2. 1b

        Establish and demonstrate the potential benefits of dietary sodium reduction, including cost-effectiviness

        Sodium reduction strategies save lives and are cost-effective. Asaria et al. estimated that in low- and middle-income countries (LMICs) a 15% reduction in dietary sodium intake over ten years would prevent 8.4 million deaths (Asaria 2007) and cost only $0.04 to 0.32 per person. At the global level, numerous analyses have found that millions of lives can be saved by dietary sodium reduction (Kontis 2019); there are many country-specific cost-effectiveness studies, which can be enormously useful for securing political buy-in and resources. For example, cost-effectiveness data showing a potential 78-to-1 return on investment in South Korea was critical to winning support for the country’s salt reduction program (Park 2020). In the absence of a local study, countries can use tools such as the Global Burden of Disease to estimate how many lives are lost to high sodium intake.

      3. 1c

        Set short, mid- and long-term sodium intake goals

        Establish long-term and feasible mid-term goals for sodium intake, consistent with the WHO goal of adults consuming less than 2,000 mg sodium/day and the commitments made by many countries to reduce sodium intake by 30% by 2025, following the 66th World Health Assembly in 2013. Defined public goals and timelines will help guide program activities, assess progress and enhance accountability.

        Acquired taste for sodium, use of sodium as a preservative, changing people’s usual practices in food preparation, length of time to adapt tastes for sodium, as well as eating habits and use of salt alternatives should be considered when creating feasible short (e.g., 2 years, 10% reduction), mid- (e.g., 5 years, 20% reduction) and long-term targets and goals (e.g., 10 years, majority of population consumes less than 2000mg sodium/day). It is recommended to have a mid-term (e.g., 3-5 year) goal that is feasible and based on a national situational analysis (Section 1A). Targets and timelines are important for evaluating the progress of the program over time and for assessing the need for revising interventions and policies.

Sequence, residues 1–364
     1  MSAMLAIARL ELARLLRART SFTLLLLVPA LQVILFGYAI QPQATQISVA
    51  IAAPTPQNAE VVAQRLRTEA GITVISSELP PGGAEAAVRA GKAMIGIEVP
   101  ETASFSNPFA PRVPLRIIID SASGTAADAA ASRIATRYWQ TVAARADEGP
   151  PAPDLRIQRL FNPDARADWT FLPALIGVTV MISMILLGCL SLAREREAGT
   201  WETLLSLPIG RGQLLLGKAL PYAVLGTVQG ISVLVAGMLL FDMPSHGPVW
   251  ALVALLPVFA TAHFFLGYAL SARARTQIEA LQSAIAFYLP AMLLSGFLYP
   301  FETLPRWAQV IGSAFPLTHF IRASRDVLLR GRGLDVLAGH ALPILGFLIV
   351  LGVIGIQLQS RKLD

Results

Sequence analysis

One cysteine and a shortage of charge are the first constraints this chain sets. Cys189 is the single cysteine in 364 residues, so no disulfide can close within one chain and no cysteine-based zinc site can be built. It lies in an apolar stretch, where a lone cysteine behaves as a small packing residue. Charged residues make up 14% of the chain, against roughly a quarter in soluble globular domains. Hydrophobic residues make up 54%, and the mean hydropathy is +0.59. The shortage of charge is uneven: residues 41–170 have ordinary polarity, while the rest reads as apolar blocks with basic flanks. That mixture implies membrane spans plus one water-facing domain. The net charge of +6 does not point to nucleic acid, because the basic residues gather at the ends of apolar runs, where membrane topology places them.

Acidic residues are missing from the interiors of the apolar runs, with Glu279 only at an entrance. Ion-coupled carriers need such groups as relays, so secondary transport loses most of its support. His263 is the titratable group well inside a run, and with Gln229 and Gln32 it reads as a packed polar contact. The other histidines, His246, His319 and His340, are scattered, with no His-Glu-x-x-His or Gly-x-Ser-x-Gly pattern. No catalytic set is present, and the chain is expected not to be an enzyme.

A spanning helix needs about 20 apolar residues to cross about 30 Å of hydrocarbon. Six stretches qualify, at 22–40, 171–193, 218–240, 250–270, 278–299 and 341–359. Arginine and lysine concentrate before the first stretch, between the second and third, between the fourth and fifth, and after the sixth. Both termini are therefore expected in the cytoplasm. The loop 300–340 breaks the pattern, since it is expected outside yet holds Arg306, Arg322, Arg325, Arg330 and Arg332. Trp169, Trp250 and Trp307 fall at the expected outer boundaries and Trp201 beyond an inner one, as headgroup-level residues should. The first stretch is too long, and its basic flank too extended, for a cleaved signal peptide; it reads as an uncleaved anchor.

Examples of mid- and long-term program goals


        Short or Mid-term goal

        Long-term goal


        Reduce sodium intake by 30% by 2025

        Maximum adult intake of 2,000 mg/day


        Reduce the average salt consumption of adults to 7 g/day between 2018 - 2025.



        Reduce salt intake by 20% between 2012-2020.

        Max salt intake:

        • 5 g/day (adults)
        • 3-4 g/day (children aged 2–10)
        • 0.5 g/MJ (children aged under two)
        • No added salt (infants)

        United States
        National Salt Reduction Initiative*

        Reduce population sodium intake by 20%, through a reduction in sodium in US packaged and restaurant foods by 25% by from 2009 to 2014

        Maximum limit of 2,300 mg/day

        *This program is a partnership of organizations and health authorities from across the United States, convened by the New York City Health Department, that set voluntary salt reduction targets

      4. 1d

        Establish an operational plan with organizational structure and budget

        The findings of the situational analysis (Section 1A) can be used to determine the most appropriate interventions and timelines to meet the established goals (Section 1C). Interventions that address the most prominent sodium sources should be included (see Sections 9-19 for potential interventions). Where these are unknown, surveillance activities to determine the main sources of sodium (Section 6B) should be conducted before selecting specific interventions.